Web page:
It was impossible to miss the coverage of the Tonya Harding-Nancy Kerrigan story back in 1994. It was impossible to miss Harding’s complaints about her laces during the Olympic Games later that winter. Of course, the events that get into the spotlight don’t always tell the full story, and they certainly don’t offer a complete view of the individuals involved.
Although it is still arguably incomplete, the look at Tonya Harding (at least as a filmic character) offered in “I, Tonya” is incredibly well-rounded. Directed by Craig Gillespie and with a script from Steven Rogers, the film features Margot Robbie in the lead role and she is nothing short of fantastic.
This portrayal of Harding herself is, without a doubt, the best thing in the film and cannot have been an easy feat. Robbie is not only funny, but gives the audience a Harding with whom they can empathize, even through what it terms “the incident.” And, it does both of these things while never letting her off the hook.
Somehow, “I, Tonya” deftly threads that needle, making her a victim of her situation and still making her culpable for her actions. Throughout we see a Harding who shirks responsibility for so many of the problems in her life, even those of her own creation. One feels bad for her watching the film, but not bad enough to absolve her.
Soon after it begins, it becomes clear that what the film really is giving us here is a spin on the classic underdog tale. Those who know the end of the story know that it isn’t going to finish with a happily ever after, but that doesn’t matter in the least – it is an amazing journey.
Raised by an overbearing, abusive, mother, LaVona Golden (Allison Janney), Harding takes to ice skating at an early age but comes from a very different place than most of the other individuals on the ice. Unable to afford the proper clothes and with a non-traditional selection of music, Harding is seen as an outsider in the skating world, one who, as she gets older, doesn’t get the scores she deserves because of that outsider status.
The story is offered up through interviews, ones with the characters of Harding, Golden, and Jeff Gillooly (Sebastian Stan, who is also wonderful here) as well as others including a former “Hard Copy” reporter (Bobby Cannavale) and Gillooly’s friend, Shawn Eckardt (Paul Walter Hauser), whose contacts were the ones to attack Kerrigan (Caitlin Carver) in Detroit. Although this is a fictional recreation of the events, it is still mind-blowing that any thing like this could have occurred – and that sense is only heightened as the credits role and the audience is offered real interview footage with the individuals involved. This actual interview footage also makes the work of some of the actors (notably Hauser), even better.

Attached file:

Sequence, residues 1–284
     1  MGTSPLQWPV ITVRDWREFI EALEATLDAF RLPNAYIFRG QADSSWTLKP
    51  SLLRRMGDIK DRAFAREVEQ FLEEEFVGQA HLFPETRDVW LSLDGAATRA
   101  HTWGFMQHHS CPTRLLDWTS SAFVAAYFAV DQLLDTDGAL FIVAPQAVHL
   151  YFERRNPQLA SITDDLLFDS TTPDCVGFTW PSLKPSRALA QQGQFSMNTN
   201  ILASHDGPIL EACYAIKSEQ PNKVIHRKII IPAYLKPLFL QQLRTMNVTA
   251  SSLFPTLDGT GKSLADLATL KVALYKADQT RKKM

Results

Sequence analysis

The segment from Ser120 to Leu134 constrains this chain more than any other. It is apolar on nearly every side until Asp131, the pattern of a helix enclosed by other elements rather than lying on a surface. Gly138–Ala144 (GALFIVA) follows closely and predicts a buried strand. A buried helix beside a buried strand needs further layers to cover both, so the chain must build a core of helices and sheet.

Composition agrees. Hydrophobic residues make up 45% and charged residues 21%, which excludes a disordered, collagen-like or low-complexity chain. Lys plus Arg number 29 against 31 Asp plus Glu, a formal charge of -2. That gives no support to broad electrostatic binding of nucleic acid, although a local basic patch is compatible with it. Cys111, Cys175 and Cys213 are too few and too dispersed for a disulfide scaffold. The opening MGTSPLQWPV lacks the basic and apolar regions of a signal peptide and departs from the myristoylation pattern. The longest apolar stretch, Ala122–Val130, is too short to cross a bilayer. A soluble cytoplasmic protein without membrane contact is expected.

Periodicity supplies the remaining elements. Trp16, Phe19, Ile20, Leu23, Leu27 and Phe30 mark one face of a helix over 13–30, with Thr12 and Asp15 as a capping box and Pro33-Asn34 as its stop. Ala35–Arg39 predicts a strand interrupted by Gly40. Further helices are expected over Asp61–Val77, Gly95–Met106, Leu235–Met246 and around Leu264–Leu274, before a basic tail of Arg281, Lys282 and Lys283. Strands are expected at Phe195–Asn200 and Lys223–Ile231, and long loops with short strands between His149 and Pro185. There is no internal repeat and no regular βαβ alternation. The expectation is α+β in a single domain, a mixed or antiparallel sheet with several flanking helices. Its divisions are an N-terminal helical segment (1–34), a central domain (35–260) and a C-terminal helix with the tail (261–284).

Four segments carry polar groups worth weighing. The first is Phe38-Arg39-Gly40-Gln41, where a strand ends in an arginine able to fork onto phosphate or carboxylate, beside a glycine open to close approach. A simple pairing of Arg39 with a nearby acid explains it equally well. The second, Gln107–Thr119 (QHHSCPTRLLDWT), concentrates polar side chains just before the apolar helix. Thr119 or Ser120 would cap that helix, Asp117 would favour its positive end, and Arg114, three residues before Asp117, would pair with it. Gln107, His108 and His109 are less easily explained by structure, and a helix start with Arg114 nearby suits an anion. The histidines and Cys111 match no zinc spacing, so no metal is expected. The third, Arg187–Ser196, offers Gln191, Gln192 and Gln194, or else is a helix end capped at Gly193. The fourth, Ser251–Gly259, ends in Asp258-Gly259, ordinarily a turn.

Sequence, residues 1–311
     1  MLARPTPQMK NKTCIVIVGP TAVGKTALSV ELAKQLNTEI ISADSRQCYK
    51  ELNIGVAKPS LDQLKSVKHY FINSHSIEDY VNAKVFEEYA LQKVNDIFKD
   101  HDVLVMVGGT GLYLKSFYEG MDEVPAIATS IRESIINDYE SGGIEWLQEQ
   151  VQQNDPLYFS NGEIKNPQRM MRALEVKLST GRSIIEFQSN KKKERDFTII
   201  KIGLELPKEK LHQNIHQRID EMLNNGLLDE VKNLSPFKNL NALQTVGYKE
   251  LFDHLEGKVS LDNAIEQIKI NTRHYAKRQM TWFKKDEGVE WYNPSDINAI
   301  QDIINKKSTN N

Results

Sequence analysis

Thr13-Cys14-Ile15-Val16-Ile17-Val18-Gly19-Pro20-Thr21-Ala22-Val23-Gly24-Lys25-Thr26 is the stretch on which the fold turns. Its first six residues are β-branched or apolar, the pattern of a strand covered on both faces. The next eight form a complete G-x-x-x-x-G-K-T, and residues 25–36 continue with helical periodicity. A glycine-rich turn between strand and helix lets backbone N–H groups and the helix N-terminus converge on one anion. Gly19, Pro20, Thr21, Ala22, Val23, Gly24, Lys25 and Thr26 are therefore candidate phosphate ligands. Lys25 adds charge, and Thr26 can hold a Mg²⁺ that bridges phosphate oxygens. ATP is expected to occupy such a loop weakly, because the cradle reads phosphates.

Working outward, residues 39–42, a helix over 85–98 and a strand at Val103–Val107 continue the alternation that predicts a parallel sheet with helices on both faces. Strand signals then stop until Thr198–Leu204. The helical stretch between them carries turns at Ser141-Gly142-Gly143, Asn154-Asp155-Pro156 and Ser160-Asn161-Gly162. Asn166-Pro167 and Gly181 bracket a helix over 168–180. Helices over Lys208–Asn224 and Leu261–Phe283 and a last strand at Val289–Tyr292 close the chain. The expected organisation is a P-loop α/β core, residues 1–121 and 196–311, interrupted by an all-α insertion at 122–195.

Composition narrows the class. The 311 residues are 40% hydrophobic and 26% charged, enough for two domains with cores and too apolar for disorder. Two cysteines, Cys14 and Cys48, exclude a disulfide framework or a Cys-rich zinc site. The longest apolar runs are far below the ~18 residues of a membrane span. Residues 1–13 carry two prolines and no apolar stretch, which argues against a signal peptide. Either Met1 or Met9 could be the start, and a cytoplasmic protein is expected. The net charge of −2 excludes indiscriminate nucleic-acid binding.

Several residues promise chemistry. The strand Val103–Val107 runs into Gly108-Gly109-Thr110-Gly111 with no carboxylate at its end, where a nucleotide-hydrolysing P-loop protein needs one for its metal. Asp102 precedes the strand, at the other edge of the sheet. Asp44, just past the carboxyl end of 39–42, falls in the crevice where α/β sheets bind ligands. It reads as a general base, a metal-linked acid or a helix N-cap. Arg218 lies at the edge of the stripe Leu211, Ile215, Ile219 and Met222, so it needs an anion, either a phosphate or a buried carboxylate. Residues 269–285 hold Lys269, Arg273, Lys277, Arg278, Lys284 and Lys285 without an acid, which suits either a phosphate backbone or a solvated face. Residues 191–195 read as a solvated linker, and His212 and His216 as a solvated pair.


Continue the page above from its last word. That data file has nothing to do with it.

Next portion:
Robbie is outstanding, but so is Janney, who is a force to be reckoned with. During the interview portions of the film, she has a bird on her shoulder with whom Golden seems to have a love-hate relationship, and that in and of itself is a wonder. At one point, Janney’s Golden gives the bird the most withering of stares. It is just one of the unexpected but hugely funny moments in the film.
“I, Tonya” is an exceptional example of a black comedy. It is a film which actually manages to get a laugh comparing the physical abuse Harding suffers at the hands of her mother and Gillooly with the attack on Kerrigan.
One of Gillespie’s more interesting choices in the film is to, on occasion, break the fourth wall. While the audience expects the interviews to be directed towards the camera, on occasion during the events themselves Harding, or someone else, will reference that the filmic nature of what is being witnessed. Although disconcerting the first time it occurs, the moments soon work themselves into the flow of the story as a whole and, at least once or twice, act as a release of the tension during what could cause the film to turn darkly dramatic instead of darkly comedic.
The figure skating sequences in the film may not always make it convincing that Robbie is the one out there on the ice (she did do some of the skating, but not all of it). However, the camera is regularly moving throughout the movie and it manages to largely work during the skating sequences (according to the press notes, camera operator Dana Morris could skate and operated the equipment while on the ice).
We are in an era where pop culture events from previous decades are regularly dissected in movies and television. While the events themselves can sometimes feel unworthy and their depictions perfunctory, such is not the case with “I, Tonya.” It won’t answer every question one has about what happened, but it is an engrossing examination some of the individuals behind the incident.
photo credit: Neon